The owner of this rustic lodge had returned from a long day of fishing at the lake, in a boat of his own design. Everything here was of his own two hands creation, except us, the residents of the shelf next to the fire. Once his belly was full of fresh caught trout, he gazed up at the shelf. His eyes danced across the titles, familiar to him, until he reached my spine, on the top shelf.
“Oh no!” he exclaimed, leaping up and grasping my cover in his hands, “How could I have forgotten?!”

Michael Indge

The year is 1977…the Cold War continues on its path towards world destruction. Between March 29, and April 25th, the Soviets detonate 5 nuclear bombs in underground explosions. The Americans, between February 16 and April 27, detonate 6 of their own. It is all but settled now, the best chance of survival is in the wild…cities will be the first to go when the flames come. Our intrepid library patron sees all this, and knows that they must make haste to the local library so as to read up on skills that will keep them alive in the forest. Having found a suitable plot of land, they start to build. Nights of endless reading, days of endless work, but time is of the essence and weary eyes and weary body are no excuse when preparing for survival. Days become weeks, and the weeks become months. Each night our library patron gazes at the book…“I really should return you,” they think to themselves, “though I imagine that the cities and towns are all but dust by now…it is only you and I, and together we will survive.” It is now mid July, and the onset of early summer brings with it a cool-warmth, far cooler than the fire that most likely cleansed the towns and cities. “Maybe it is safe now to try and salvage for supplies,” thinks the library patron. They make their way back to town, but hear familiar sounds…cars, dogs, and people talking…why, nothing has happened! All that time building…all that time reading…and the world is still as it was! The utter embarrassment of it all…but wait…it seemed like mass war HAD broken out! The library patron couldn’t help but overhear groups of people talking about a war in the stars. “Excuse me,” said our library patron, politely interrupting, “what is this war in space you are talking of? Have the Americans and the Russians really taken the war to outer space?”“N’aw man, STAR WARS! The best movie ever made! A total cultural phenomenon! Didn’t you see it?” replied one of the group members. About two months back, May 25, 1977…Star Wars: A New Hope was released in theatres…but our patron had been too busy preparing for bombs that had not fallen, and now they were completely out of the cultural loop. Any attempt at re-entering was futile, and our patron could only respond in social settings with “no, I haven’t seen Star Wars, I don’t understand that reference.” The world had now been split into two types of people: those who had seen Star Wars, and those who hadn’t. Our patron, feeling like an outcast, returned to their log cabin, the one made from their blood, sweat, and tears, and with information provided by the book. “There’s no going back now,” thought the library patron, “I’m no longer in the loop, there is nothing back there for me.” While initially dismayed at this outcome, our library patron’s spirits started to lift upon catching the fragrant aroma of the flowers and plants that surrounded the cabin…and it was then that they realized that the book had done everything it had promised and more. Not only had it taught them how to live in the wilderness, it had actually returned the library patron’s soul to the wilderness. “This is where I’ve always wanted to be, and I made it,” said the library patron, giving a thankful smile towards the book.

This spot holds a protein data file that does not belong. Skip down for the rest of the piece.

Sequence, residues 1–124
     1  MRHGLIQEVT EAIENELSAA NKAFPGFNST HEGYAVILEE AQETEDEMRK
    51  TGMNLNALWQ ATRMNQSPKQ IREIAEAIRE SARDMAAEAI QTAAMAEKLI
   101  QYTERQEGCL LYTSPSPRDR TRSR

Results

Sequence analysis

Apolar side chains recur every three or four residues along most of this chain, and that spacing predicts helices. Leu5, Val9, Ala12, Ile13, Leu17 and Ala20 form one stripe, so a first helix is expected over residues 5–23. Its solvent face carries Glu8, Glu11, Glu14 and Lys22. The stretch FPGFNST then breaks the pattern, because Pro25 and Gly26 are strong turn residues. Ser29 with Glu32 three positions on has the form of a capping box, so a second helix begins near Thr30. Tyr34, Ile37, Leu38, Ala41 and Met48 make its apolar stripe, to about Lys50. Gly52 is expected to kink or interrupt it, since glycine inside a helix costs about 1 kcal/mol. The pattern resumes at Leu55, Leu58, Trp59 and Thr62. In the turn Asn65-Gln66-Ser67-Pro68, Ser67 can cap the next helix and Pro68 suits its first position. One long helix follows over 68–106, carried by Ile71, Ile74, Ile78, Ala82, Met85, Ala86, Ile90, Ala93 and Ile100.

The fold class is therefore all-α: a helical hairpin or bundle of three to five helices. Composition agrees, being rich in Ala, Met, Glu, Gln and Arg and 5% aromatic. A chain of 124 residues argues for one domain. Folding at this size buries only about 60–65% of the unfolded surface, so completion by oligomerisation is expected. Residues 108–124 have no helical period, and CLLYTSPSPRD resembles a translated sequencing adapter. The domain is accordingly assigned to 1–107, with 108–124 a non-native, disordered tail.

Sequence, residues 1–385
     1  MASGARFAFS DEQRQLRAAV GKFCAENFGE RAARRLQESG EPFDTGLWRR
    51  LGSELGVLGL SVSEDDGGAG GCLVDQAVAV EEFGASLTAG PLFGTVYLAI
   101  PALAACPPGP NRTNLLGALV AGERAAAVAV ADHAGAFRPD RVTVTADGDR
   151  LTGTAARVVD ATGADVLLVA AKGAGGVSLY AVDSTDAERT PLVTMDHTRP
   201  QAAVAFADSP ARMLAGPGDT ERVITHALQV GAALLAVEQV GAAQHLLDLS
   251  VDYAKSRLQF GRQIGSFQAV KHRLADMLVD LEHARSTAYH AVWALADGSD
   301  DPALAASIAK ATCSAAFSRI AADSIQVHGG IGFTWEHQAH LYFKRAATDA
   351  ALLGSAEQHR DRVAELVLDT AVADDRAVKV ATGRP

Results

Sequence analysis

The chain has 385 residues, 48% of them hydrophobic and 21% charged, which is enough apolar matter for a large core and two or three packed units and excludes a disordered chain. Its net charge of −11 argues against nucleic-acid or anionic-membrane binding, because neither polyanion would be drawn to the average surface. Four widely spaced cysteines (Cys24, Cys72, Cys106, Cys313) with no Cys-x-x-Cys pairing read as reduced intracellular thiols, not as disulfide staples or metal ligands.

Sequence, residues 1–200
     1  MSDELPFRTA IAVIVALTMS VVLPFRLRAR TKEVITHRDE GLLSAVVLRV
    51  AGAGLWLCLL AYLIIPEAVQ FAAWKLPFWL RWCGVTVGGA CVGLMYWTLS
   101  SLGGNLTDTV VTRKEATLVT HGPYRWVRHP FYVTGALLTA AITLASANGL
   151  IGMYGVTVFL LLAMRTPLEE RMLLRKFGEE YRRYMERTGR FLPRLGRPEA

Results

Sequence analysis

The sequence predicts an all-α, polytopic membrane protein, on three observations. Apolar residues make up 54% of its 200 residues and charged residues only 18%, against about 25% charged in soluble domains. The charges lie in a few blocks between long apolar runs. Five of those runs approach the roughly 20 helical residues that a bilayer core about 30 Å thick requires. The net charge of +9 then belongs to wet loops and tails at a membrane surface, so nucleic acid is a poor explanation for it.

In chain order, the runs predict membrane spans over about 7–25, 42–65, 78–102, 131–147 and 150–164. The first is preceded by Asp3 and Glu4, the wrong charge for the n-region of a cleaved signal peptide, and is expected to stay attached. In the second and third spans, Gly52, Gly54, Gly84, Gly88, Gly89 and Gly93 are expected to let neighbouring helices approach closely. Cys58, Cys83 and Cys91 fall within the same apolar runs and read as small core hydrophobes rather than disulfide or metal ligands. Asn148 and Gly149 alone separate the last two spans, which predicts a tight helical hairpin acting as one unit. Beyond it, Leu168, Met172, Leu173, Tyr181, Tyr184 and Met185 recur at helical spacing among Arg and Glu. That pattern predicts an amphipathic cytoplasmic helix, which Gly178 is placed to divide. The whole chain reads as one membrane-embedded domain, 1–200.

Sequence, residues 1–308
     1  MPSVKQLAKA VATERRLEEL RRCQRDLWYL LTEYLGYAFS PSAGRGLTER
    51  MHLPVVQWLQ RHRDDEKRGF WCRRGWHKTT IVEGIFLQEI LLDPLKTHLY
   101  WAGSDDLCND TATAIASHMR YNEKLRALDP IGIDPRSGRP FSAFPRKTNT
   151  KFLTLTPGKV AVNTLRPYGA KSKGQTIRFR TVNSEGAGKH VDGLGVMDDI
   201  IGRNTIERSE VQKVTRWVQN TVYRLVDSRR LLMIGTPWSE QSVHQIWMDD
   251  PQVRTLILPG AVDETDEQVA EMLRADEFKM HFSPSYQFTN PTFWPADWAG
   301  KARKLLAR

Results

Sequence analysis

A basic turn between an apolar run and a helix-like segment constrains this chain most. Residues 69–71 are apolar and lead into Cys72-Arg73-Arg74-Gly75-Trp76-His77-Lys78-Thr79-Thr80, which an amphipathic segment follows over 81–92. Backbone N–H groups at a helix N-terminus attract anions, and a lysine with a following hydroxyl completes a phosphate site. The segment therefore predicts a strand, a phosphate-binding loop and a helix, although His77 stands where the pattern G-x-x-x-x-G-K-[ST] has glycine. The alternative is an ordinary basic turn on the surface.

The library patron attempted to return the book three times, though it seemed as though the book had grown fond of the patron as well, for whenever the patron returned back to the cabin, the book had already mysteriously reappeared back on the cabin’s mantle. Years passed, and the library patron’s body aged, as all things do, yet the book remained in pristine condition. Finally, one night, the patron’s eyes closed forever, but not before offering a soft smile and a thank you towards the book that had taken them into the wilderness, just as it had promised. While it cannot be scientifically proven that books themselves can cry, it can be said that a good book certainly knows when it has been appreciated, and can extend that love to the next reader. With its previous partner’s life fulfilled, it was now time for the book to return to the library in hopes of helping another patron return to the wilderness.